Meanwhile the festival hub in the library and the museum featured a presentation by Peter Tatchell of our colonial legacy in Africa and its contribution to the rise of the discrimination and criminalisation of LGBTI people in so many nations there today. Peter managed to deliver his speech despite a bad fall on his way to the library, caused in part no doubt by a sleepless night following a barrage of hate mail he received after signing a letter defending free speech. Despite being visibly shaken and in pain, he managed to explain to attendees that the British Empire exported homophobia to Africa and gave them the laws that are now being used to oppress their LGBTI communities afresh.
To complement this, Ugandan Prossy Kakooza spoke of the perils of the UK asylum system for LGBT people escaping oppression.
Delegates were also treated to Mike Jackson talking about his role in Lesbians and Gays Support the Miners and their revival to save a pit in Yorkshire now. Cath Booth talked about her experiences at Wapping with Lesbians and Gays support the Printworkers. Sheila Standard and Dr Sonja Tiernan spoke of the role of lesbians in protest movements and, in particular, Greenham Common.
Peter Scott-Presland gave readings from the first part of his history of CHE and dis a book signing; as did Helen Whitbread, who  talked about her years decoding Anne Lister’s diaries. Razia Aziz spoke of the importance of spirituality in understanding the whole self, Laila Metoui told us why she had to do LGBT with learners of ESOL and other students in further education, Steve Boyce showcased lessons from the Classroom for early years and primary and Dan Smith showcased a lesson he’d done with secondary pupils about Harvey Milk. These are just a couple of handfuls of the cornucopia of events of a multifarious nature that took place over the weekend.
Free theatre, cinema and music were also in the mix. A three part drama of a Molly House raid and its aftermath, A Very Victorian Scandal,was re-enacted in very nearly real time by Queer Contact over the weekend; Ali Child and Rosie Wakley performed as WWI entertainers Gwen Farah and Nora Blaney; Mike Jackson introduced a free screening of Pride in ‘Via’; and the Manchester Gay and Lesbian Chorus closed the festival with ‘Bread and Roses’.
Final Words
Jeff Evans, who is Academic Director of LGBT History Month as well as being a history researcher himself, led the festival’s planning on behalf of LGBT History Month and put it into reality. He said:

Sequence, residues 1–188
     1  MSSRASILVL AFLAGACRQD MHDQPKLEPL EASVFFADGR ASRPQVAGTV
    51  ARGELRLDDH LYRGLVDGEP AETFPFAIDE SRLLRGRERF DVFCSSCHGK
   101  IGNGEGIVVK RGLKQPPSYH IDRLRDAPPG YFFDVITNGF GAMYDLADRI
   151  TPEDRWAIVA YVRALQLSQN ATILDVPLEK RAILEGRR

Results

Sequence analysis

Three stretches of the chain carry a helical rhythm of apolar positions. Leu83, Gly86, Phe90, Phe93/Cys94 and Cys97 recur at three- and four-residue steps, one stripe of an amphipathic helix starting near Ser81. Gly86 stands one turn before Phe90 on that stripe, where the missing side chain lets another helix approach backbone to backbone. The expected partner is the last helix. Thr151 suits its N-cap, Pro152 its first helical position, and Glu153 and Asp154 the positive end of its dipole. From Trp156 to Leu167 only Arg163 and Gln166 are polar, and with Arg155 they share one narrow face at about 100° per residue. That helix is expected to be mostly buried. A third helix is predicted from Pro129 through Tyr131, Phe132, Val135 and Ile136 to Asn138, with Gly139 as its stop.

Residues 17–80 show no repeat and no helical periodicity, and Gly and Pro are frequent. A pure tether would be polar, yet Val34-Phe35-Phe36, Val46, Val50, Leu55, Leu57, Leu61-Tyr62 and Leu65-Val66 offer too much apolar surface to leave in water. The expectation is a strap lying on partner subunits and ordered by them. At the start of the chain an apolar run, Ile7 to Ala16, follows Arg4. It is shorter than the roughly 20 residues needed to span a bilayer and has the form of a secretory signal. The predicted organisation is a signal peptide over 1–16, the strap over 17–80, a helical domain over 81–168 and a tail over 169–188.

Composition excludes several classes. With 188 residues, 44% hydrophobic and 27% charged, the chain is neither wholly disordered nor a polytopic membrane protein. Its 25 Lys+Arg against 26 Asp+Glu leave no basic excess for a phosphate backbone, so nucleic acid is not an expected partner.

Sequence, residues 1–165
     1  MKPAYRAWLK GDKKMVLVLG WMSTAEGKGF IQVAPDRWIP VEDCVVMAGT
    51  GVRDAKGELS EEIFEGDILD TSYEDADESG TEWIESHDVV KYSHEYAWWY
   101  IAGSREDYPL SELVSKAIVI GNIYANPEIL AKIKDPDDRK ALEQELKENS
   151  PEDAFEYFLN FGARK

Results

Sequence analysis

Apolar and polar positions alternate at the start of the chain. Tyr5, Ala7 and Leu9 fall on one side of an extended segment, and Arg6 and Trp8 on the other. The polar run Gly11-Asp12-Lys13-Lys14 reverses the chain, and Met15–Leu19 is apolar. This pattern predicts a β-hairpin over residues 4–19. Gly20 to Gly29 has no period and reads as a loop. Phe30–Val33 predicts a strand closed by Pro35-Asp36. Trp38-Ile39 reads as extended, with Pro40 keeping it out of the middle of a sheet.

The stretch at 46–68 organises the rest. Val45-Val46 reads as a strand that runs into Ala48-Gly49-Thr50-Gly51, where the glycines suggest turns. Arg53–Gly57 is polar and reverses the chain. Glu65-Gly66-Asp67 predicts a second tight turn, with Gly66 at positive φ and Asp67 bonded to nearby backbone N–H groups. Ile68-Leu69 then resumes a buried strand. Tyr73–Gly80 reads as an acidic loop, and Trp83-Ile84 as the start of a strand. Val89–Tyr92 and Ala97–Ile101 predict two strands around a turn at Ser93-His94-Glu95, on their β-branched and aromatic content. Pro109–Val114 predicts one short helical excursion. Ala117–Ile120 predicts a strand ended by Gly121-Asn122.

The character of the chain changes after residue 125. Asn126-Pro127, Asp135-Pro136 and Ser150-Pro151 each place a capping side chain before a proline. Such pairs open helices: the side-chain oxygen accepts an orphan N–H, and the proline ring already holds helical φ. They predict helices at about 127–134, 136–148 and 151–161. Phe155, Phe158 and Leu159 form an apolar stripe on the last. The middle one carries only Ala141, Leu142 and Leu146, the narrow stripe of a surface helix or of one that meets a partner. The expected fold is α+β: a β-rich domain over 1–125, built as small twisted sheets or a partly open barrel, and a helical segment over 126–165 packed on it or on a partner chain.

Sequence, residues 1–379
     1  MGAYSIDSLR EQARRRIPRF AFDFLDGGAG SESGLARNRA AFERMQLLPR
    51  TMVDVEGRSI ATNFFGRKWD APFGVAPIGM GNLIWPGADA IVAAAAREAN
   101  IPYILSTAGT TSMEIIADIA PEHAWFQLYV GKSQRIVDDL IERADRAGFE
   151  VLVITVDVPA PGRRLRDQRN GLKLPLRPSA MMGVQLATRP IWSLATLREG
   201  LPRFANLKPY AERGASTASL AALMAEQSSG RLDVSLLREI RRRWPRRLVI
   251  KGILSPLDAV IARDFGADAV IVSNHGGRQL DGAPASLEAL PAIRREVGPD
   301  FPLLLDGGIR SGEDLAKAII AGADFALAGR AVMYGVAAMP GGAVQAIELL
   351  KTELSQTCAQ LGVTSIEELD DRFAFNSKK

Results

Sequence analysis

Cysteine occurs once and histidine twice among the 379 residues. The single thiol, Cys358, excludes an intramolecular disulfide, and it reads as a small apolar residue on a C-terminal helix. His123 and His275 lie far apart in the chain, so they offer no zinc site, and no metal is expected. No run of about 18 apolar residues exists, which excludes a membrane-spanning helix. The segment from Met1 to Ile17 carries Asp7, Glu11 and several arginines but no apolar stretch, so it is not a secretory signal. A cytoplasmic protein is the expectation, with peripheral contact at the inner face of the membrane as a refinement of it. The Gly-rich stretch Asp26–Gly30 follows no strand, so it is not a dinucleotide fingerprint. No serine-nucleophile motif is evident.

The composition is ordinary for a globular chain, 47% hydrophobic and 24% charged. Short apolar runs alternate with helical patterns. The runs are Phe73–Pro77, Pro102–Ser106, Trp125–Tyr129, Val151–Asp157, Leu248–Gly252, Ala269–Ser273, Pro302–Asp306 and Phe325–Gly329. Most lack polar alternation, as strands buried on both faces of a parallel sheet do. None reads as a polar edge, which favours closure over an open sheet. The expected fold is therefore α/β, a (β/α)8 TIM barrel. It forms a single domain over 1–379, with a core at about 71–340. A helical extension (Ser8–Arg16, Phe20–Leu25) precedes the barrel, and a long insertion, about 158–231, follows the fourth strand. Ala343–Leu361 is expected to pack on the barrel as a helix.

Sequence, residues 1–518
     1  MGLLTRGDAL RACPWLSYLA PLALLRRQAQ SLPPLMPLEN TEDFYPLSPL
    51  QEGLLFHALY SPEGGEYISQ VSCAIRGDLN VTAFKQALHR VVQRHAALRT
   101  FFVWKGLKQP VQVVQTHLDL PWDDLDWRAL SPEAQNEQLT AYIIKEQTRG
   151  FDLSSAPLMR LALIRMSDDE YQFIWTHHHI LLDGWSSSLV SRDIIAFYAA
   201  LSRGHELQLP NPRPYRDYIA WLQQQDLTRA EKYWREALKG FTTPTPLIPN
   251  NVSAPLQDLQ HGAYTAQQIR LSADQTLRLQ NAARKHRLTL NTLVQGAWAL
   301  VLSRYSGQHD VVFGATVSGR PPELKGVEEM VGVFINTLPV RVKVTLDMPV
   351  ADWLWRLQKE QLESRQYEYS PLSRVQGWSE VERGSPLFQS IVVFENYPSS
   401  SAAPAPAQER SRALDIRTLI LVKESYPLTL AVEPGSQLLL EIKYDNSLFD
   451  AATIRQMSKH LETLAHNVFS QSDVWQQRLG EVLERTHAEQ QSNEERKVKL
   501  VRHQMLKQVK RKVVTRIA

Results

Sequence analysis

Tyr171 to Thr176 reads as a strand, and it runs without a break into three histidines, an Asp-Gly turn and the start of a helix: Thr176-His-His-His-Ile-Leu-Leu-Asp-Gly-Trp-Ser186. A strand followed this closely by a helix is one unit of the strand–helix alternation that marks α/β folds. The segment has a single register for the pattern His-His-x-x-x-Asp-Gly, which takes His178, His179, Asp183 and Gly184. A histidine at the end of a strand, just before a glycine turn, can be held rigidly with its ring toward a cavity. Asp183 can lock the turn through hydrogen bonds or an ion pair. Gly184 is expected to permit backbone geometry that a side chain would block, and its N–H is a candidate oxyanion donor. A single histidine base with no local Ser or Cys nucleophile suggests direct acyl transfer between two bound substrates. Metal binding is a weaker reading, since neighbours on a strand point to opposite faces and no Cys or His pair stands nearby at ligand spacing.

“The large participatory response by the general public to the 1st National Festival of LGBT History held over this Valentines weekend in Manchester has been beyond our wildest dreams. The primary feedback and the high attendance numbers highlight the public demand and appreciation for both the quality and diversity of events. Both Festival Hub days (i.e. Festival Hub Saturday at Manchester Central Library and Festival Hub Sunday at the People’s History Museum) were well patronised with excellent feedback. The two-day LGBT History Festival Conference was booked out weeks in advance – not a common occurrence for academic conferences – and was  universally praised by the participating scholars and activists who had come from as far as Asia and North America to attend. The Festival Theatre with this close reading and re-enactment of the 1880 mass police raid of a Fancy Dress Ball in the city was another highlight to the three day festival. What a fitting acknowledgement of the voluntary endeavour invested over nine months by the members of the Festival Delivery Team and the Festival Sponsors who placed their trust in the project. Not least another validation of the role of Schools Out/ LGBT HM in again proving the courageous leadership in launching the project in the first place in April last year. The 1st National Festival of LGBT History has demonstrated the demand from the wider public,  together with the LGBT Community, in this fascinating, but previously denied, celebrated, and/or highly stigmatised aspect of our island history: past attitudes to sex and gender diversity. We look forward to announcing our plans for the 2nd National Festival of LGBT History 2016 shortly.”